Column: Messiah or monster?

Aug 12 2013, 00:40 IST
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SummaryLand price and housing project costs will most likely rise after the passing of the proposed Bill

If the news reports are to be believed then it appears that the colonial-era Land Acquisition Act, 1894, will be replaced with the Land Acquisition Bill, 2011. The current monsoon session of Parliament is expected to take up this much-awaited Bill.

After the massive storms in Tatas Singur plant, Yamuna Expressway project and Greater Noida land acquisition, the need of the hour, especially for the corporate players, was an effectual and time-saving redressal arrangement for the disposal of cases concerning land disputes. It may be safely concluded that the cost of land is slated to rise pursuant to the passing of this Bill. The developers are likely to transfer the added tariff onto the consumers. For this reason, the housing prices are likely to go beyond the purchasing power of the customer.

Given below are some of the key features of the proposed Bill.

As per the Bill, the government can acquire the land only for public purposes. The Bill mandates an assent of 80% of the land owners before land can be acquired by private companies. Further, in the situation where the land is acquired for the purposes of projects carried out by public-private projects, it is imperative that 70% of the land owners agree to such a proposal. It has been evidently outlined that the consent would be attained along with the Social Impact Assessment (SIA) report.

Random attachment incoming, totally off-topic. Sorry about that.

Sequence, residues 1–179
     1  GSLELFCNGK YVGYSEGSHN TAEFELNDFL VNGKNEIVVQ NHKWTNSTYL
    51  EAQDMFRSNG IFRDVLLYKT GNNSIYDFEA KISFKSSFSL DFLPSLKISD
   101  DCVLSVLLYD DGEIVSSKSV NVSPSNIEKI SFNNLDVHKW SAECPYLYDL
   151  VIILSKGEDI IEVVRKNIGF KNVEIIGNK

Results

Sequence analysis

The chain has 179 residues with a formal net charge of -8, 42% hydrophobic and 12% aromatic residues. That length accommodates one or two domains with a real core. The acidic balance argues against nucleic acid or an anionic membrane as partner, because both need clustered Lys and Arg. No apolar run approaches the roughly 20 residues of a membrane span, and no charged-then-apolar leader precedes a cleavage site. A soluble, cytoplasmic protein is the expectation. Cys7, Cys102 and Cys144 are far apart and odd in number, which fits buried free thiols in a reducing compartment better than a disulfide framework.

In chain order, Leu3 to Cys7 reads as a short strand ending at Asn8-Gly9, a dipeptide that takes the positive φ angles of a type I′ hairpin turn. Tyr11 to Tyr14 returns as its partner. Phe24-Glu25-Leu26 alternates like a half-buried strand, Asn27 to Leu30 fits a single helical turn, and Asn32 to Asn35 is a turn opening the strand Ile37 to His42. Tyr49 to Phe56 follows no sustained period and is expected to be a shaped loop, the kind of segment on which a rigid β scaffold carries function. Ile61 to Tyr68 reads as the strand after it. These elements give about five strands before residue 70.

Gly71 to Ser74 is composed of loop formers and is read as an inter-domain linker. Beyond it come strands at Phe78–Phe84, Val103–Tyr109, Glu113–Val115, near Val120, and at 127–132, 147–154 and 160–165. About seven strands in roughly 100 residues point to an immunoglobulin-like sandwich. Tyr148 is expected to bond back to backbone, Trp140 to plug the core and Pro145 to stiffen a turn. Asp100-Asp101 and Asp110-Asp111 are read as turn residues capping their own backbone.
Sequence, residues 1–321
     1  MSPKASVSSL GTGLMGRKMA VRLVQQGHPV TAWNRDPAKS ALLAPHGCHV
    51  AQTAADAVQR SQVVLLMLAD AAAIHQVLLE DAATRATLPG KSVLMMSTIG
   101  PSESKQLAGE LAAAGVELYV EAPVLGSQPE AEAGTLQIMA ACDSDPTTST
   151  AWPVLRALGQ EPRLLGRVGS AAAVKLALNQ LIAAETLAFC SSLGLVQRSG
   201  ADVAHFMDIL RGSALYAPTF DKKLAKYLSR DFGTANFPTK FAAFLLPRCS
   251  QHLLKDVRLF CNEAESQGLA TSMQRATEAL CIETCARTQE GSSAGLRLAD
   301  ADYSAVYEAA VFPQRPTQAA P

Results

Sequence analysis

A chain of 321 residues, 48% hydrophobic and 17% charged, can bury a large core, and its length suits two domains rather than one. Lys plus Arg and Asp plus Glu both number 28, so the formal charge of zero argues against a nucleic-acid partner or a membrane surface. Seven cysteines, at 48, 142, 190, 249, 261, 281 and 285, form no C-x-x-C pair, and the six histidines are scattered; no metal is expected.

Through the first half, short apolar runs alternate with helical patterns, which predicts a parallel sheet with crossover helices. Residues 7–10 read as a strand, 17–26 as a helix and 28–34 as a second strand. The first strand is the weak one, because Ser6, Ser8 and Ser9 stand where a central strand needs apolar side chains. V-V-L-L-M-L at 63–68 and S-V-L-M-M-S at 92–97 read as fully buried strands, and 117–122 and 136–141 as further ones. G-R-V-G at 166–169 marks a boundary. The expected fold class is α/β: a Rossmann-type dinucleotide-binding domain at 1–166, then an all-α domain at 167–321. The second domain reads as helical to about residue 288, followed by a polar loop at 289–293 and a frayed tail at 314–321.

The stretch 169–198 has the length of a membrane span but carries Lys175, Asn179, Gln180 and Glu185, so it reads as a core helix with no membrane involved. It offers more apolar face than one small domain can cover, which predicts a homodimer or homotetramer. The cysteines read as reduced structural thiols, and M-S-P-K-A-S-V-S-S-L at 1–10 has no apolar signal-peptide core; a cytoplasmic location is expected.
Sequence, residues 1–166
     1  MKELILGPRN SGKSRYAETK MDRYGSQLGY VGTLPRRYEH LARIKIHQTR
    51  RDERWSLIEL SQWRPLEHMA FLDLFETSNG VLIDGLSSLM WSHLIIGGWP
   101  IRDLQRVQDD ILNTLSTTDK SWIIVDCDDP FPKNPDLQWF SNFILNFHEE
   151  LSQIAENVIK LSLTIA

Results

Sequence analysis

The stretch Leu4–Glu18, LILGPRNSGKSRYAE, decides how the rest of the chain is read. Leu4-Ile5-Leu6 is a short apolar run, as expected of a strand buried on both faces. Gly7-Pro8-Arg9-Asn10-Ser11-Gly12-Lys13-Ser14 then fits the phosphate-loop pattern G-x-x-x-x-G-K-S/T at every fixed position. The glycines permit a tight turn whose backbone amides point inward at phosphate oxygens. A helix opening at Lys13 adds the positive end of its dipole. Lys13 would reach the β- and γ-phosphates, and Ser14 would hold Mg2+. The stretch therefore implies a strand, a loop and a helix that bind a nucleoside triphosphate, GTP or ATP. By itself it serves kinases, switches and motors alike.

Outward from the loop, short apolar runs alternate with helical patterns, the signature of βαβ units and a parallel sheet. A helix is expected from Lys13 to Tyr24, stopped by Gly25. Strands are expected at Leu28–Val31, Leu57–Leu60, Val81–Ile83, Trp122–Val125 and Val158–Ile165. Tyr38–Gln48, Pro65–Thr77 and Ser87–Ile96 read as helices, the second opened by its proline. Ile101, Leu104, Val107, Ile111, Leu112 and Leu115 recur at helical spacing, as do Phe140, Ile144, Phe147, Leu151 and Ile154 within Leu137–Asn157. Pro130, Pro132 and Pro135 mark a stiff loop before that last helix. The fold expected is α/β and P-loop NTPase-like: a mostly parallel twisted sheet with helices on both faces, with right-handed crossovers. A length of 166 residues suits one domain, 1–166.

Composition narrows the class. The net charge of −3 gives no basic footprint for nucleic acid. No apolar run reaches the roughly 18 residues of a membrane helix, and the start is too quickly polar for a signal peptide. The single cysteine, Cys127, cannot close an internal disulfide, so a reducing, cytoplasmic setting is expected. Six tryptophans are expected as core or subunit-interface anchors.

To start off the exercise of land acquisition, the government will have to conclude SIA within 6 months pursuant to a discussion with the panchayats at the village level and at the municipality or the municipal corporation at the urban level. Furthermore, it notes that the Environmental Impact Assessment will also be conducted simultaneously along with SIA.

The next step will be the appraisal of SIA by an expert group, which will constitute of 2 representatives of panchayat or gram sabha (or the municipality); 2 experts on rehabilitations; a technical expert concerning the subject matter of the proposed project; and finally 2 non-official social scientists. The major objective of the expert group is to examine whether the project in question qualifies for any public purpose or not. Finally, a committee would be established by the government for the purposes of further review of the proposal. This committee would be required to evaluate the report of the expert group on the SIA study, verifying the above mentioned findings of the expert group.

Another key highlight of the Bill

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